Wednesday, July 21, 2010

Outback at the Forefront of a GOP Meme?

Yesterday, the Senate overcame the Republican filibuster of the legislation to extend emergency unemployment benefits and Mitch McConnell tried to divert attention of the Republican's unprecedented  opposition of the extension by linking the long term unemployed to Obama's policy, in the process calling these individuals "chronically unemployed."  Kevin Drum wondered today if there might be something more to  McConnell's choice of words.
...talking about "chronic" joblessness is also a way of suggesting that some of the unemployed are shiftless and lazy. Someone who's "chronically unemployed" isn't your unlucky next door neighbor, it's those guys in the ghetto or down in the hollow who just hang around all day and have never held an honest job in their lives for more than a few weeks at a time. Are these the kind of people you want to run up the national debt for?

I didn't think so. But guess what? Democrats do!
Well, it's hard to say with certainty if this is the game McConnell is playing, but , it just so happens, I was engaged in a back and forth over the past couple of days at the CDT (Hence my absence here.) with one of their regular's, outback, who helps to make the comment threads there  a  fever swamp, which makes Kevin's speculation very plausible to me.

outback explicitly linked long term unemployment to minority receipt of welfare,
We need to make sure our Unemployment system doesn't turn into another welfare program. Remember how the advent of welfare destroyed the drive and initiative of many minorities....they have yet to recover from that setback
It is clear that if McConnell is engaging in a bit of dog whistle politics there are dogs like outback who are prepared to hear the signal loud and clear.

I called outback out on the racist undertones of his comment

Yep, it's the welfare that's to blame...but, but, but...I recall that  there might seems to be something else that cause blacks some problems.  Now what was it? Oh yea, now I remember, slavery. But what's slavery  when compared to the devastation of welfare?

It's funny how the non-racist outback first thinks of minorities when he thinks of people  suffering from welfare's debilitating effect on initiative. If I did  know better-after all he's told me repeatedly not to stereotype  teabaggers as racist, so it really can't be that he is one-I'd swear  that he has a stereotype of blacks, Mexicans and other minorities as lazy. But it's good to know that he doesn't think it's their  fault...they're victims of welfare in his mind...but don't call him a racist.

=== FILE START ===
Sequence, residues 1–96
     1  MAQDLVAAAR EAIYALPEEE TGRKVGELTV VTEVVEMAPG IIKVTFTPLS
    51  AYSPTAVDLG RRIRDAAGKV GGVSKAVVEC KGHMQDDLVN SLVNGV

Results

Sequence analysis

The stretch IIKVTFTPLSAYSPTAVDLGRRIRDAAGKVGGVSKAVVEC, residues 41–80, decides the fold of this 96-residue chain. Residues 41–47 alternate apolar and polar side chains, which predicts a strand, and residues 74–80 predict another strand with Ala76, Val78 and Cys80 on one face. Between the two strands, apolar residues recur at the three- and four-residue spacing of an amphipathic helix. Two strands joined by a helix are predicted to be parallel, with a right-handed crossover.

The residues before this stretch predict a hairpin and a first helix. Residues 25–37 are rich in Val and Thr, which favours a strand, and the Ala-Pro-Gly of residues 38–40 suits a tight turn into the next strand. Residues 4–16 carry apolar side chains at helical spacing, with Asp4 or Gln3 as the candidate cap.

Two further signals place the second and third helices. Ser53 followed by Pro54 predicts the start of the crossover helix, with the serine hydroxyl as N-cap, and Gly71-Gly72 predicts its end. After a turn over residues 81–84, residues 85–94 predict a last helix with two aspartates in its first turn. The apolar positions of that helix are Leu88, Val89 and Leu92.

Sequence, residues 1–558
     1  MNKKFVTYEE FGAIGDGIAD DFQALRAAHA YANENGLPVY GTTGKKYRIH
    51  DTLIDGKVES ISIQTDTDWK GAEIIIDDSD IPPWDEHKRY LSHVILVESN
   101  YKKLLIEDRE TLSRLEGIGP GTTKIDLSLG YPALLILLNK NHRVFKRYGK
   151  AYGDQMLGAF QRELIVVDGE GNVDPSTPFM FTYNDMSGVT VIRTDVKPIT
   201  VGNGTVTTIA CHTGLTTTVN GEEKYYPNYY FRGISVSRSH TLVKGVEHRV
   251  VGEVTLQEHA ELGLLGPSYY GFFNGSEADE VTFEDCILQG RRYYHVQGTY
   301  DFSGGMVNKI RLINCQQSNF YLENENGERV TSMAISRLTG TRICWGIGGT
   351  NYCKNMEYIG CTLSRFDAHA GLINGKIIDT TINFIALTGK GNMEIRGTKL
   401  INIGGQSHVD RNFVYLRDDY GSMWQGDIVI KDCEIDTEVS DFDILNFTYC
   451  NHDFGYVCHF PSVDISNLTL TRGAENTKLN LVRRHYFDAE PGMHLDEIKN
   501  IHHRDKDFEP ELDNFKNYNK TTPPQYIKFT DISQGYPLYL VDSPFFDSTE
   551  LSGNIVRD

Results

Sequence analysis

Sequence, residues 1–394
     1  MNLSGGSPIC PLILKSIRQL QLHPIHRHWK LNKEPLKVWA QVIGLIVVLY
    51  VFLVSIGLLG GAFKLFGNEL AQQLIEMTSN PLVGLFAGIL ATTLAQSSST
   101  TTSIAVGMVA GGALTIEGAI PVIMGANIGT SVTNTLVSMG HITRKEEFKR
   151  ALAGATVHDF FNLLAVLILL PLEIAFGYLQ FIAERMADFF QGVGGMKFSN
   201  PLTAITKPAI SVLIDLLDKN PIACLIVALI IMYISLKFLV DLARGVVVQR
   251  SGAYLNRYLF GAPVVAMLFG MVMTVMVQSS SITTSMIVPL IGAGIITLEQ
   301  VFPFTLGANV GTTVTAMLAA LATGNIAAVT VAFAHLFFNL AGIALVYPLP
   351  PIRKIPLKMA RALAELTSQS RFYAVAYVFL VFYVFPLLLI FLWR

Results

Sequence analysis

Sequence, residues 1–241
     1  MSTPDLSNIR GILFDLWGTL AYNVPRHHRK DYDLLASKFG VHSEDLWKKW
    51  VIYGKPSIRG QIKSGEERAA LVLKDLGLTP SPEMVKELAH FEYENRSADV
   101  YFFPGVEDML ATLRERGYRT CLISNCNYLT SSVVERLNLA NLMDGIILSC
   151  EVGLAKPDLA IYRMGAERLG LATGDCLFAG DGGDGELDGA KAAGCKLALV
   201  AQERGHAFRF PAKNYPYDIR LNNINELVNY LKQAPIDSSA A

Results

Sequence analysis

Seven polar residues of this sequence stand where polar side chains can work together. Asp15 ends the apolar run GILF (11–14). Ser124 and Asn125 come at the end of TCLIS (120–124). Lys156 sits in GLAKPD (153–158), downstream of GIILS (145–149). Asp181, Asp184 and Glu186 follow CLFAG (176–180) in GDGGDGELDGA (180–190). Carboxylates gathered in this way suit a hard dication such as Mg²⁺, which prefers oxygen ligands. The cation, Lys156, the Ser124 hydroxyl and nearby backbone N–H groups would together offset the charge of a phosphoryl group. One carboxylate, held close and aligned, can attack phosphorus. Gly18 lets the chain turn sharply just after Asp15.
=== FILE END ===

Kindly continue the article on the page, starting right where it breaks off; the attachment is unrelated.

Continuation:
But proving racist motivations, when they aren't overt, is a difficult thing. outback, who must be called racist quite a bit, was prepared to defend himself by pointing to  Bill Clinton.
I sat in an audience in 1995 and heard a speaker make the direct connection between welfare dependency and destruction of the social fabric in the African-American community.

You might have heard of him...he is that prominent Teabagger and notorious racist....Bill Clinton.
Did Clinton say anything remotely like what outback claimed and if so, in what context?

The rest of our exchange was my attempt to pin down outback on where he heard Clinton speak in 1995. He steadfastly refused to provide any information on where he heard Clinton directly connected "welfare dependency and destruction of the social fabric in the African-American community."

I've examined Clinton's major speeches from 1995 and while he spoke of welfare reform in his SOTU speech, as he often did over the years, there is only one speech in which he talked about race and welfare together.  That was his October 16th Address on Race Relations delivered at the University of Texas at Austin where he spoke this single sentence on race an welfare